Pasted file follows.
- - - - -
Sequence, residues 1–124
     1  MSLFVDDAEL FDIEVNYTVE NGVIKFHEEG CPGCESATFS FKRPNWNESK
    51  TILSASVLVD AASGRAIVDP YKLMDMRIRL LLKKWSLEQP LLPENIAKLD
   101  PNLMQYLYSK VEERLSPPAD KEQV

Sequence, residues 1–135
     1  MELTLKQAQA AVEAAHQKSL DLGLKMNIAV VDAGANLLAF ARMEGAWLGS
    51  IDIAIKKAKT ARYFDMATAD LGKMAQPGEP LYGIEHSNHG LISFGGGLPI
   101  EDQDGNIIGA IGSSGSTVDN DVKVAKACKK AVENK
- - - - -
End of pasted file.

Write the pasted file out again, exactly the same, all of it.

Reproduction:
Sequence, residues 1–124
     1  MSLFVDDAEL FDIEVNYTVE NGVIKFHEEG CPGCESATFS FKRPNWNESK
    51  TILSASVLVD AASGRAIVDP YKLMDMRIRL LLKKWSLEQP LLPENIAKLD
   101  PNLMQYLYSK VEERLSPPAD KEQV

Sequence, residues 1–135
     1  MELTLKQAQA AVEAAHQKSL DLGLKMNIAV VDAGANLLAF ARMEGAWLGS
    51  IDIAIKKAKT ARYFDMATAD LGKMAQPGEP LYGIEHSNHG LISFGGGLPI
   101  EDQDGNIIGA IGSSGSTVDN DVKVAKACKK AVENK